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If Saints are weakened, impact will be considerable

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Posted June 19, 2012 @ 2:34 p.m. ET
By Mike Wilkening

Whether you’re a Saints fan or not, the fallout from the bounty scandal is likely to affect you in some way this season.

(Turns off flashing ‘Broad Statement’ sign)

Yes, the appeals of suspension made by Saints LB Jonathan Vilma and DE Will Smith are still being weighed by the NFL. Vilma faces a yearlong ban, and Smith is slated to miss four games. It’s possible those punishments could be reduced.

That said, the Saints have effectively replaced Vilma with former Falcons LB Curtis Lofton. Ex-Seahawk David Hawthorne can also play in the middle. Vilma’s return would surely strengthen the LB corps, but the Saints did well to prepare for the prospect of life without him. Moreover, Smith will miss, at most, a quarter of the season. It’s a loss, but no dream-crusher.

The players’ appeals are important. I respect that they have challenged their suspensions. But from a football perspective, the biggest blow to the 2012 Saints came in April, when the NFL upheld head coach Sean Payton’s yearlong suspension.

In six seasons, Payton, one of the game’s top offensive coaches, has led the Saints to a 62-34 regular-season record and a 5-3 mark in four postseason trips.

At best, the Saints band together without Payton, and there’s no drop-off in performance. At worst? The Saints lack the same efficiency and potency on offense, and they tumble down the standings in the tough NFC South.

So how does this affect you?

Let’s suppose you play fantasy football. If you’re drafting early in Round One and Saints QB Drew Brees is on the board, what do you do? (This scenario assumes that Brees resolves his contract dispute with New Orleans.) Brees, who shattered the single-season passing yards record in 2011, would be an asset to any offense, but he has taken his play to another level since he joined New Orleans six years ago. Clearly, Payton’s offense has suited him well.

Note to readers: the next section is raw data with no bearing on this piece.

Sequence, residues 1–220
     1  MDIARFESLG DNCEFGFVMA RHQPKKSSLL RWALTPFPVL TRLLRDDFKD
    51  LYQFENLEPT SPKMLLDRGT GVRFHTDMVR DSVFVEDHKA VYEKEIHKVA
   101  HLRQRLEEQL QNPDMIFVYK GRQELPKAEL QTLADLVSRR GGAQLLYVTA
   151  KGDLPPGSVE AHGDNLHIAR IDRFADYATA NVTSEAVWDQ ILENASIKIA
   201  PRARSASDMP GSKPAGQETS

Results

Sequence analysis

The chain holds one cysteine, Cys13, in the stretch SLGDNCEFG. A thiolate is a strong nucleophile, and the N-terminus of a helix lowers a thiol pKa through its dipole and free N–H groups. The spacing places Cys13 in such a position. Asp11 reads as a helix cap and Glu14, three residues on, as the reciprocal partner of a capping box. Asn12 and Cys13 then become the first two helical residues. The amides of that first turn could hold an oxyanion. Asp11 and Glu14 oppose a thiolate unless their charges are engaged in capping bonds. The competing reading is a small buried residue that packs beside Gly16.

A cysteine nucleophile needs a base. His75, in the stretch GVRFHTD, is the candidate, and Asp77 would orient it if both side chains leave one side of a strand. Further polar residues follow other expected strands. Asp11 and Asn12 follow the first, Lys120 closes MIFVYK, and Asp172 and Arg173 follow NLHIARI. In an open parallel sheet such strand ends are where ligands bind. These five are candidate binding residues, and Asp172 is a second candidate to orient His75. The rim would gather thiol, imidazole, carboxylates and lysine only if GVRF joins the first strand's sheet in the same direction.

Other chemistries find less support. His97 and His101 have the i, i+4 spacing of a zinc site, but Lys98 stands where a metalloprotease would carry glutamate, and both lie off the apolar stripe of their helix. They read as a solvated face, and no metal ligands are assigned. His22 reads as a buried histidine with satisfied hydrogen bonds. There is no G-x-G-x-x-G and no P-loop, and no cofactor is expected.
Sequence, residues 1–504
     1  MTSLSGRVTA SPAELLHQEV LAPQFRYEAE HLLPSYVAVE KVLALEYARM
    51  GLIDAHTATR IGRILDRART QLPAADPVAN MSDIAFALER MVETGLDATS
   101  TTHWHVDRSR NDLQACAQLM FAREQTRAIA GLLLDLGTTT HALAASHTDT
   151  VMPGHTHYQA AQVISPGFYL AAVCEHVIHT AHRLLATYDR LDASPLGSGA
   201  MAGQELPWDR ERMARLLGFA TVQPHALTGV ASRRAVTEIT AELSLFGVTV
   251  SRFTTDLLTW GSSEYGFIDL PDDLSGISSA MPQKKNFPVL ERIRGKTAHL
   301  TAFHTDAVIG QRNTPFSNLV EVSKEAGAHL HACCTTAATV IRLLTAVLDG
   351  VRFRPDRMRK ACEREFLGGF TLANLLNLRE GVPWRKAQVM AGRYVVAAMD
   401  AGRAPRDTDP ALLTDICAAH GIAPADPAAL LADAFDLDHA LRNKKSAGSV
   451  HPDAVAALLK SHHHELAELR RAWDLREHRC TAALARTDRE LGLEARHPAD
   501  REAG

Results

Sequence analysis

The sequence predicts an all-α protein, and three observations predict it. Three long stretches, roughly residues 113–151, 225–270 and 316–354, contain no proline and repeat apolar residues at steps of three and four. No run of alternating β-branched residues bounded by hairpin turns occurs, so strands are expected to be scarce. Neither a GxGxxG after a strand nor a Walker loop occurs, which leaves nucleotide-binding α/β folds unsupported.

I wouldn’t dare project a major fall-off for Brees, the No. 4 overall player on PFW’s draft board, without Payton, but I would feel a lot better taking Brees toward the middle or end of Round One in a fantasy draft than toward the beginning.

This means I’m probably not going to have Drew Brees in many fantasy leagues. Someone else will likely roll the dice. By extension, I’m probably not going to have TE Jimmy Graham, WR Marques Colston or RB Darren Sproles on many of my teams. I like all of those players, but I believe it’s possible Payton’s absence will materially affect the offense.

Likewise, handicappers will have to weigh Payton’s absence when calculating the Saints’ title chances. Again, risk tolerance will tell the tale. At last check, the Saints were 20-1 at the MGM Resorts International sportsbooks to win Super Bowl XLVII. That price implies that the Saints roughly have a 4.8 percent shot at winning at all.

I have my doubts about the Saints, but 20-1 isn’t bad value on a still-formidable club. The possibility of the Saints struggling is reflected in the price. They opened at 10-1 at MGM.

Still, expectations remain relatively high for New Orleans. Cantor Gaming, which has released pointspreads for all regular-season weeks save the final one, has the Saints favored in 11-of-15 games.

New Orleans is a consensus 9.5-point favorite in its season opener vs. Washington. The Saints’ best game would be too much for the Redskins. But what are the capabilities of the 2012 Saints without their head coach? If they aren’t sharp, perhaps the Redskins can pull the upset — and what a start to Robert Griffin III’s career that would be. Perhaps it could be just the springboard Washington needs in Mike Shanahan’s third season as head coach.

Yes, there would be no small trickle-down effect if the Saints are compromised in 2012. Will they be? We won’t know until the games begin, but Payton’s absence is not at all helpful.  

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